Durham (North Carolina), Aug. 13: One of America’s most restrictive voter ID bills was signed into law yesterday by North Carolina’s Governor Pat McCrory, a Republican.
The new law requires voters to show government-issued ID cards, with polling places not allowed to accept college ID cards or out-of-state driver’s licenses. The law also shortens early voting by a week; eliminates same-day voter registration; allows any registered voter to challenge another voter’s eligibility; and ends popular preregistration for high school students.
Republicans have said the law will combat voter fraud and restore integrity to voting, but they have offered no evidence of voter fraud in the state. Civil rights groups and many independent analysts say the law is a blatant attempt to curb voting by blacks, students, the poor and other groups that tend to vote Democratic. The law takes effect for the 2016 elections.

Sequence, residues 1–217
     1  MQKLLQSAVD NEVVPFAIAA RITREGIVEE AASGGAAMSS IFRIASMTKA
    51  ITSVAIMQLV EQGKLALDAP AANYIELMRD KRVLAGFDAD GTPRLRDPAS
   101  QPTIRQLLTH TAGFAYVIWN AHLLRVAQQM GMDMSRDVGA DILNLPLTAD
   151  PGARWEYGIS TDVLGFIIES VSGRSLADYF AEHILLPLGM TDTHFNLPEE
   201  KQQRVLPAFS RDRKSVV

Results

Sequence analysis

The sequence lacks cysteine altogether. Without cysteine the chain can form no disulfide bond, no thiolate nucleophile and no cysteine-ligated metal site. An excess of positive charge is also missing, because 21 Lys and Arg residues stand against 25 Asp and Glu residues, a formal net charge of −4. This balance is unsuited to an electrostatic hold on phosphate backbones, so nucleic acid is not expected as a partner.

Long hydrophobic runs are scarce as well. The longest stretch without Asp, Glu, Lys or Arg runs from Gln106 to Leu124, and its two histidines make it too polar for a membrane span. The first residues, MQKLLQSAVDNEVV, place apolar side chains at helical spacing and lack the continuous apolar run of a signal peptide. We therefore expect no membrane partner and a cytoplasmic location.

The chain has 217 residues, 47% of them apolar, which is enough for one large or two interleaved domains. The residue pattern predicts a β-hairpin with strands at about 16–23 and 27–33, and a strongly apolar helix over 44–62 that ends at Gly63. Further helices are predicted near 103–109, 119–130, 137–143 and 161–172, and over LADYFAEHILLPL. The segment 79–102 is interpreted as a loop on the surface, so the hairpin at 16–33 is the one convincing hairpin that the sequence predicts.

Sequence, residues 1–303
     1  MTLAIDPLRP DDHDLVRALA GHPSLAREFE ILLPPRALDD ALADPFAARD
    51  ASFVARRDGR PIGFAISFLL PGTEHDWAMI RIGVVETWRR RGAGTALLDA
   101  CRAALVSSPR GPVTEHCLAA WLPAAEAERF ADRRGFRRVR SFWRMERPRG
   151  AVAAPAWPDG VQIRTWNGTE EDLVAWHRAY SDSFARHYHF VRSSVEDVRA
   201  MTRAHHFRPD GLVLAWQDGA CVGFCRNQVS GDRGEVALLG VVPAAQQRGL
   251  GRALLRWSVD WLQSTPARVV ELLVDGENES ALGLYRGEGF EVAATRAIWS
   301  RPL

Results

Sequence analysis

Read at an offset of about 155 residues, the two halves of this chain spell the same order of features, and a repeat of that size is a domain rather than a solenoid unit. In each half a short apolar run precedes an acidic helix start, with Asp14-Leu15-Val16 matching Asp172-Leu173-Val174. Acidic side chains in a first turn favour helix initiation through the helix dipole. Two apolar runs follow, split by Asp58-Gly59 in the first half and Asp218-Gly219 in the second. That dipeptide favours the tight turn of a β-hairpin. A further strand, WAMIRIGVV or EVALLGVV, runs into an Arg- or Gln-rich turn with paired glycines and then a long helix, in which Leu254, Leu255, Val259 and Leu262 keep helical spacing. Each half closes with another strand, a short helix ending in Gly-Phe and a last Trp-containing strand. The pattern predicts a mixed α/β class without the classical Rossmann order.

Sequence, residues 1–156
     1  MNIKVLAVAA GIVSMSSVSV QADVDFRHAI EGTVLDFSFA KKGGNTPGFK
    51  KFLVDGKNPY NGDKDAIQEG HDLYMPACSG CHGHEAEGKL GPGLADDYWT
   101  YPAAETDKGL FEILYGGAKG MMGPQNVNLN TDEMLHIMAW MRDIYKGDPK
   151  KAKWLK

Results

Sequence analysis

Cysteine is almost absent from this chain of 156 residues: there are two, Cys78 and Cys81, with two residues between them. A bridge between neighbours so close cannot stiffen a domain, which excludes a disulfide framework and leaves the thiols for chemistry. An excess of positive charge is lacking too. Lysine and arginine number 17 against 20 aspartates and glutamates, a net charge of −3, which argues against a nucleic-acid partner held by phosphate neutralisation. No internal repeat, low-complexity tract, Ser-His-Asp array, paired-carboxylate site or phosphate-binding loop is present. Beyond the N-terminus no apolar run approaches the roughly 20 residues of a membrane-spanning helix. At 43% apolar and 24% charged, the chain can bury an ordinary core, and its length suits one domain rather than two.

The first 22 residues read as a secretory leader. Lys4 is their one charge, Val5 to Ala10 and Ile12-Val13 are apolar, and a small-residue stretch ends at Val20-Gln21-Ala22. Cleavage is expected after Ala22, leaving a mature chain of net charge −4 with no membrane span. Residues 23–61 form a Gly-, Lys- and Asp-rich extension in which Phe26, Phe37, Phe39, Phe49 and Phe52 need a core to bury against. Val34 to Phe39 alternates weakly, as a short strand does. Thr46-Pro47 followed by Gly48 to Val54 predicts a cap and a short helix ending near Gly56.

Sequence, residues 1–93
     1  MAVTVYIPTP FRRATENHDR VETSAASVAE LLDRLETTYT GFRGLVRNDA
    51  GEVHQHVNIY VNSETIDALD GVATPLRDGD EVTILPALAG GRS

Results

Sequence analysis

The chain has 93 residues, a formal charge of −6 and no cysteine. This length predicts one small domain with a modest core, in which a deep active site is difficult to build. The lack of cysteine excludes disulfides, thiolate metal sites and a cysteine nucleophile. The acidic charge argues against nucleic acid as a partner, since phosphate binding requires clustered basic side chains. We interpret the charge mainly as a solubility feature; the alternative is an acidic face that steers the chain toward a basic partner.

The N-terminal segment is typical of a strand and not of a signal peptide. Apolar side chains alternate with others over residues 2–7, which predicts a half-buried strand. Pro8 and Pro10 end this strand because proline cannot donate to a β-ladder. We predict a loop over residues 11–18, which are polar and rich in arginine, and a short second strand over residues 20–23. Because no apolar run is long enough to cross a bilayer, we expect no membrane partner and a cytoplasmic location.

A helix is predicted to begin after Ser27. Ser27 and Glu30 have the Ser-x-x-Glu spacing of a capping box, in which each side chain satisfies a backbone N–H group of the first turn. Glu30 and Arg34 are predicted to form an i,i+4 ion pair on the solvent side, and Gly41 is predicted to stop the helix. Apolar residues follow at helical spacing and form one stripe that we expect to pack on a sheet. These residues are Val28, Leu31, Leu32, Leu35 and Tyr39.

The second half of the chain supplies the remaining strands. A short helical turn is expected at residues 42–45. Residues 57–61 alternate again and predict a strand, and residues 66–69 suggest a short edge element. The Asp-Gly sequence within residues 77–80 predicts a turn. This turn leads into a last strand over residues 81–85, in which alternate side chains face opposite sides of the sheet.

Civil rights groups have threatened to sue the state and attorney general Eric Holder has said the justice department may pursue legal challenges to voter ID laws passed by several states, including North Carolina.
North Carolina Republicans introduced the so-called Restore Confidence in Government Act after the Supreme Court struck down a key provision of the 1965 Voting Rights Act in June. The court overturned the Act’s requirement for Justice Department “pre-clearance” for any changes to voting laws in certain states.